Point being, maybe Im just that damn good. Maybe I am. But I know my car is good in the snow. I hate it when pople say MR2s are no good in the snow. Its something that gets me every time. MR2s are if you have the right tires on them. Thats the thing. Tires will make or break it.

Blizzaks. For the win.

T-spoon
01-29-2009, 08:11 AM
I wasnt comparing an MR2 to an alltrac. However, my MR2 will outperform any FWD car Ive ever driven in the snow. I didnt say its the best. However where I live, snow is a way of life. You HAVE to drive in it. You guys rarely get it enough to have to drive in it down there, in the pacific northwest most people dont even know how to drive in it because its such a rarity.

Point being, maybe Im just that damn good. Maybe I am. But I know my car is good in the snow. I hate it when pople say MR2s are no good in the snow. Its something that gets me every time. MR2s are if you have the right tires on them. Thats the thing. Tires will make or break it.

I hear ya, just saying.. I personally love MR2s, but if I had both, there wouldn't be a single day of bad weather I'd drive the MR2 instead of the alltrac, that's all :) Also.. wouldn't be a single beautiful day I'd drive the alltrac over the MR2, so yeah :hehe:

Luni
01-29-2009, 08:18 AM
I would never take MR over AWD in bad weather either. Im just saying MR2s are NOT bad in the snow. Period. It doesnt even take a set of SNOW tires, just a good set of allseaons.

Last winter I drove my car JUST FINE, on 205/40/17s and 225/40/18s in the flavor of kumho ecstas. ASTs in front, ASXs in back. GOOD allseason tires, on 17 and 18 inch wheels. I did fine. This year Im on stock 15 inch MR2 wheels, but honestly my fatties did just as good with the tires I had on there.

KoreanJoey
01-29-2009, 09:00 AM
I would never take MR over AWD in bad weather either. Im just saying MR2s are NOT bad in the snow. Period. It doesnt even take a set of SNOW tires, just a good set of allseaons.

Last winter I drove my car JUST FINE, on 205/40/17s and 225/40/18s in the flavor of kumho ecstas. ASTs in front, ASXs in back. GOOD allseason tires, on 17 and 18 inch wheels. I did fine. This year Im on stock 15 inch MR2 wheels, but honestly my fatties did just as good with the tires I had on there.

Honestly NO car is specifically bad in the snow. Tires will probably make the biggest difference on the car in adverse conditions. BUT taking that into effect a FWD car w/ snows VS an MR2 w/ the same tires will still be more predictable (abet less fun) in snow.

85gtsblackman
01-29-2009, 09:15 AM
interesting read, even the rwd 82-85 celica have a 51/49 split

but i have driven a duce and theyhandel damn good with minor upgrades although a mk1 duce with a fully built suspension was on par with my shifter kart i had years ago :eek:

balang_479
01-29-2009, 11:54 AM
The interesting thing is - this depends when the weight is measured.
Lets say most MR cars are 65% rear weight and 35% front sitting still.

Do you want 50/50 weight balance when the car is sitting still? Or when it is at speed with brakes being applied? With the weight shifting forward it can achieve a near 50/50 balance and allows all 4 wheels/brakes to participate in braking.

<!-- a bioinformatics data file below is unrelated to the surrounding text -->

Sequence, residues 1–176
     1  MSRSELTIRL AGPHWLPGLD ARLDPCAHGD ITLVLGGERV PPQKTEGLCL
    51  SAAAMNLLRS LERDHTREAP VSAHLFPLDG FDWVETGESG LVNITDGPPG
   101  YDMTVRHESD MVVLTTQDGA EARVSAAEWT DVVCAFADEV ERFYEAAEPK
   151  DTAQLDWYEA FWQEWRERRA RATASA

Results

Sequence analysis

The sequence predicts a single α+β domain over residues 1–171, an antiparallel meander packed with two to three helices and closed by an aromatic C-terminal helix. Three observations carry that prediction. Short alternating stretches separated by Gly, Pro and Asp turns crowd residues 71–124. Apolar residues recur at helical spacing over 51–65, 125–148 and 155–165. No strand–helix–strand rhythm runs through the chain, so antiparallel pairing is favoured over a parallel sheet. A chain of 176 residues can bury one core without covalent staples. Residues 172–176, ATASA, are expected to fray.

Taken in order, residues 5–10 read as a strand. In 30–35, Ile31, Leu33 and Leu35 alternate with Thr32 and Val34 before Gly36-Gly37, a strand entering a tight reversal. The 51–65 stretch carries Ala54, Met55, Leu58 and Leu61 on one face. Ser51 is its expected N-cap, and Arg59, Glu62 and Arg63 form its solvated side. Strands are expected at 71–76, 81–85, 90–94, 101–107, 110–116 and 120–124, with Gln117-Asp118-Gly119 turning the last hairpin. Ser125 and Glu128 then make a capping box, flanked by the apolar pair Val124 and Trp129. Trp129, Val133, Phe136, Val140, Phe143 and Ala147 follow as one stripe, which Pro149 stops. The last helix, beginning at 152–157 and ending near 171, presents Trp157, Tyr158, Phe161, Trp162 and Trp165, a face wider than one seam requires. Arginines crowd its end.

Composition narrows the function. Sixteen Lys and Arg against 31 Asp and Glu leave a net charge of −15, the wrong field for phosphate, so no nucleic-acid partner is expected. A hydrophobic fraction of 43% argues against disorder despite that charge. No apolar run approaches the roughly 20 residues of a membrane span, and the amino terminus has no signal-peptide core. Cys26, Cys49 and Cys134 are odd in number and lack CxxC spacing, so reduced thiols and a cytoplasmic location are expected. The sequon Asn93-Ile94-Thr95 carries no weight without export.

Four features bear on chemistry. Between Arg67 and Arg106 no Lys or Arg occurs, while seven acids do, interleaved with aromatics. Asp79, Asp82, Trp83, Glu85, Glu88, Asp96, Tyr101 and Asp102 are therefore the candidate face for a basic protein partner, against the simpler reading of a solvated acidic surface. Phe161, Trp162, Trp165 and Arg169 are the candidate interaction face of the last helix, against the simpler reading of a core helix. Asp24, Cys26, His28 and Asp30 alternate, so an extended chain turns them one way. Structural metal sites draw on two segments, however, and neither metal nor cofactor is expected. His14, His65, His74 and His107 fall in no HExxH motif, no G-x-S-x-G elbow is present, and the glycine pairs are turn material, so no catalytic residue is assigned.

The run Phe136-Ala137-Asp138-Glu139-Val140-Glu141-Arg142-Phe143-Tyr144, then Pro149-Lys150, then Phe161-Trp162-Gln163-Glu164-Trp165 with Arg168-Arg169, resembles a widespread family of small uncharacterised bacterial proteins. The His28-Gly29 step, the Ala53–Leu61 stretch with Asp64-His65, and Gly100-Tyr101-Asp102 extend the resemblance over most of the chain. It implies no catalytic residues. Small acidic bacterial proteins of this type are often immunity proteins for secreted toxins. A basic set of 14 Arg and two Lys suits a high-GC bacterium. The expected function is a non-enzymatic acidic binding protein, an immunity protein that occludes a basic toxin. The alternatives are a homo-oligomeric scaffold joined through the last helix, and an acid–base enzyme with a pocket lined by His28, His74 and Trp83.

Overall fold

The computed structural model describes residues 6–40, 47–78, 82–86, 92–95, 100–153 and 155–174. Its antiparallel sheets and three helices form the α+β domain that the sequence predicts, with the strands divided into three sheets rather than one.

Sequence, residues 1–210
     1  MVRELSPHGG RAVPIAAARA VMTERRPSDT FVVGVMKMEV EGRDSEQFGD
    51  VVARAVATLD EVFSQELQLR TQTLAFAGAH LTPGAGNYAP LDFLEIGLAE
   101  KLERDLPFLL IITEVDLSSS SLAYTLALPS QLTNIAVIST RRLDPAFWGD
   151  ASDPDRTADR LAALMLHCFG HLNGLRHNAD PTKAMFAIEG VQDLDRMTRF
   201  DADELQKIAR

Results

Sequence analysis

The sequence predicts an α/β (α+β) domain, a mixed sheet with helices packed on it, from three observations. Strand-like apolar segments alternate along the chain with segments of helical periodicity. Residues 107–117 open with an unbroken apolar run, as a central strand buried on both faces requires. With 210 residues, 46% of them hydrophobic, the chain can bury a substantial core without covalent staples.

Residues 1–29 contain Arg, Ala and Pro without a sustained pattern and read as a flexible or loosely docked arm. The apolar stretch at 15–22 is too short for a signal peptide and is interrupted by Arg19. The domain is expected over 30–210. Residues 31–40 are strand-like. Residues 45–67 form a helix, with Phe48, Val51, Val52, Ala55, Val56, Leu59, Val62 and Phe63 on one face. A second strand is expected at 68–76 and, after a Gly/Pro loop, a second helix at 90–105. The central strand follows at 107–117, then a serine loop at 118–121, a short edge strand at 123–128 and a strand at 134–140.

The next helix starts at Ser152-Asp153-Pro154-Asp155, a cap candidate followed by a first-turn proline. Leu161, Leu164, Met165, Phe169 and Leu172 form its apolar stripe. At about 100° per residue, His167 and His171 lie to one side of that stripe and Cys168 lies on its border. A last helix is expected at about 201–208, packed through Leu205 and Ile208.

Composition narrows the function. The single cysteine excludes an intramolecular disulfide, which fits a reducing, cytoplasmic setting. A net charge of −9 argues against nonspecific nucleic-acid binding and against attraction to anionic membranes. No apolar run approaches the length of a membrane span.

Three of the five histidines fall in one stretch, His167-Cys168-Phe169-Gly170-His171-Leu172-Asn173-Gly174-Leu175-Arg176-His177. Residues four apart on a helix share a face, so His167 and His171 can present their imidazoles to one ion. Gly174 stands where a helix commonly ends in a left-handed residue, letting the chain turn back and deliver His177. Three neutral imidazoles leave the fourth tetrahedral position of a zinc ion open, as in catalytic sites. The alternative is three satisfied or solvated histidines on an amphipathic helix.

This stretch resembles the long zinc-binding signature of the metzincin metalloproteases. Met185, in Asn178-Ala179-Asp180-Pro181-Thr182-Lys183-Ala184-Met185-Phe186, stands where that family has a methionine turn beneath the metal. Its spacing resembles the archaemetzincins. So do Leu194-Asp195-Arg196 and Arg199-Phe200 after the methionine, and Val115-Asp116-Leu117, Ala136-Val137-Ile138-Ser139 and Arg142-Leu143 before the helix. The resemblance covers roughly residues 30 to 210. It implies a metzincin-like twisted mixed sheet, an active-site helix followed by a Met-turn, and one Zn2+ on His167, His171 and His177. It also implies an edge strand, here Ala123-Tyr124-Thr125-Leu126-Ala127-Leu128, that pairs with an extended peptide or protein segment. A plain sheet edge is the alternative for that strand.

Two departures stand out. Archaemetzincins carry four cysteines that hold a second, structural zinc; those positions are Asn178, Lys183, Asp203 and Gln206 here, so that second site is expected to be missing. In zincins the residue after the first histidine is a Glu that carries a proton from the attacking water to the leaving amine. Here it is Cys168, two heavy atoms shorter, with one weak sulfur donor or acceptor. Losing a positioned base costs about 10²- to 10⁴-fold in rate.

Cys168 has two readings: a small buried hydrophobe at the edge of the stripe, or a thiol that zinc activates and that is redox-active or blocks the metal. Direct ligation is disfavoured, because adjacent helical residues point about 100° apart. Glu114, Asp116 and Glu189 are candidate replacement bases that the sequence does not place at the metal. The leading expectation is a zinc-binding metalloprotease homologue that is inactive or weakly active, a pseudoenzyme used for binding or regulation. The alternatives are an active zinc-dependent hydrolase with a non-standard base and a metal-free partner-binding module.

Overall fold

The 50%front/50%rear car that was sitting still will have most of its weight towards the front at speed during braking.

its interesting what you say here and i understand your point of view, but i do believe its best to have 50 50 at speed rather than breaking.
Breaking time round a track is or should be small compared to everything else.... and youd much rather have balanced car round corners and chiccanes... when the car brakes youd want more weight on the front so that they can exert more stopping power.. If you have exactly the same stopping power front to back youd have some oversteer problems (unless your running Slicks) when turning into a corner and breaking (which could be a good thing depending on driving style)... a more front bias weight and brake balance (when breaking) will keep the car more stable and when turning in and breaking...
Now this obviously varies alot from car to car and what sort of tires and stance one is running.. someone can still have 5050 when breaking and understeer, i think there are too many factors and settings to consider to give a general rule for all cars...

mr2trd3
01-29-2009, 04:08 PM
Wrongs tires then. :)
Good read guys.

Yay. We finally agree that MR's don't suck in the snow.





Don't drive your MR2's during the winter, especially if the roads are salted. It makes them cry.

Cavanagh
01-29-2009, 10:06 PM
Ehh, sadly i have no choice. :(

goretro77
01-30-2009, 02:41 AM
its interesting what you say here and i understand your point of view, but i do believe its best to have 50 50 at speed rather than breaking.
Breaking time round a track is or should be small compared to everything else.... and youd much rather have balanced car round corners and chiccanes... when the car brakes youd want more weight on the front so that they can exert more stopping power.. If you have exactly the same stopping power front to back youd have some oversteer problems (unless your running Slicks) when turning into a corner and breaking (which could be a good thing depending on driving style)... a more front bias weight and brake balance (when breaking) will keep the car more stable and when turning in and breaking...


Actually, I beg to differ. I rather not have a stable car around turns. Please read post #27 where I quote hobbie2k. He hit it exactly right. Some cars are more stable/predictable and others are setup to inherently want to rotate.

Front engine cars are more stable and MR cars are ready to rotate with the weight behind the driver ready to come to the front. Some might say a MR setup makes for a twitchy/ nervous vehicle in nature. This willingness to rotate should be embraced, not shunned by the driver. :burn:

Nervous/twitchy can be good: